Photoluminescent Nanoparticles Kill Cancer

Researchers discover novel nanoparticle that when triggered by X-rays can treat tumor tissue

2 min read
Photoluminescent Nanoparticles Kill Cancer
This figure from the paper shows the X-ray destruction of human breast cancer cells using Cu-Cy particles. The images show the live cancer cells stained green and the dead cells stained red
Images: University of Texas at Arlington

In a case of serendipity, researchers at the University of Texas at Arlington started out trying to develop new security-related radiation detection and stumbled upon a potential breakthrough in cancer treatment.

In the research, which will be published in the August edition of the Journal of Biomedical Nanotechnology (“A New X-Ray Activated Nanoparticle Photosensitizer for Cancer Treatment”), Wei Chen, professor of physics at the UT Arlington, was exposing copper-cysteamine (Cu-Cy) nanoparticles to X-rays when he noticed an unusual luminescence over a time-lapse exposure. When he investigated the cause of the Cu-Cy nanoparticle luminescence, he realized that the particles were losing energy as they emitted singlet oxygen, a toxic byproduct that also happens to be used to in photodynamic cancer therapy to damage cancer cells.

“This new idea is simpler and better than previous photodynamic therapy methods. You don’t need as many steps. This material alone can do the job,” Chen, who is also leading federally-funded cancer research, said in a press release. “It is the most promising thing we have found in these cancer studies and we’ve been looking at this for a long time.”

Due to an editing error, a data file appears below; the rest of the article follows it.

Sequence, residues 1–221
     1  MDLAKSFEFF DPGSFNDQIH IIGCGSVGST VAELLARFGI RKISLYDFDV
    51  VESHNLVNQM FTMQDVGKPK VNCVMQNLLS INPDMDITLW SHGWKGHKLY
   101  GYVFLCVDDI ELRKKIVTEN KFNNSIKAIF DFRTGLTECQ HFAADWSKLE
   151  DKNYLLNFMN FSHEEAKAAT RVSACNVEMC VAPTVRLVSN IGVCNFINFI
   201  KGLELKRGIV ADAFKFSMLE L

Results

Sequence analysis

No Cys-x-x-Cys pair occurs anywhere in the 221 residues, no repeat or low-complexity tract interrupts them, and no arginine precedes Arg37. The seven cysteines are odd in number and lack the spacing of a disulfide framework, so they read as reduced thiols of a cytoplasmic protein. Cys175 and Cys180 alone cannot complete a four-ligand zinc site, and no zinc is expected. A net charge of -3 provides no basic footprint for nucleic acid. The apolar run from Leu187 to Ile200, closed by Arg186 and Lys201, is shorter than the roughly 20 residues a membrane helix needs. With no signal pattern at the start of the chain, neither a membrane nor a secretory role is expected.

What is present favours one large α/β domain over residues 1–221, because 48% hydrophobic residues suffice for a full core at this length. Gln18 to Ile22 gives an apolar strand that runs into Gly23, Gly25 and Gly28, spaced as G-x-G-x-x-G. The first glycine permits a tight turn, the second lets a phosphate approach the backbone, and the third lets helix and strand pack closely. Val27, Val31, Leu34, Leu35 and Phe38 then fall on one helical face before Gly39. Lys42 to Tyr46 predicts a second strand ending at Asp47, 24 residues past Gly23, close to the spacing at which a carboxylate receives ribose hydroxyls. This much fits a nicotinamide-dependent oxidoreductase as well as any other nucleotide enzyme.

Photodynamic therapy (PDT) is a technique in which some photosensitizer is introduced into tumor tissue. When exposed to light, the photosensizer produces singlet oxygen that kills the cancer cells. Two years ago, this blog covered research from Rice University related to a similar PDT technique in which gold nanoparticles were introduced near a tumor and then subjected to light. This light exposure to the cluster of nanoparticles created bubbles that burst, temporarily ripping open small pores in the cell membranes that allow drugs to penetrate. 

The problem with PDT techniques is that the light cannot penetrate very far into human tissue to activate the nanoparticles. Chen and his colleagues have discovered that Cu-Cy the nanoparticle's sensitivity to X-rays and the ability of X-rays to penetrate deeply into tissue means that the tumor can be deep inside tissue and still be effective. Another advantage of the Cu-Cy nanoparticle in combination with the X-rays is that no other photosensitizer needs to be used, making it convenient, efficient and cost-effective, according to the researchers.

Like some of the “theranostic” nanoparticles that are being developed, in which both therapeutic and diagnostic functions are combined into one nanoparticle, the Cu-Cy nanoparticle can serve both as treatment for cancer as well as for cell imaging.

In experiments carried out thus far, Chen and his team have used the Cu-Cy nanoparticle and X-ray combination to treat a tumor. The results over a 13-day period showed that the tumor had not grown at all with the treatment while a tumor that had not been treated grew three times in size.

The UT Arlington has applied for a patent on the technology. Meanwhile Chen and his team are working on ways to shrink the size of the Cu-Cy nanoparticles, which currently are around 250 nanometers, so that the tumor tissue can more easily absorb them. If they can reduce the nanoparticles down to dimensions below 200nm, this should improve cell uptake. Ideally, they would like to bring those dimensions down to around 50 to 100nm.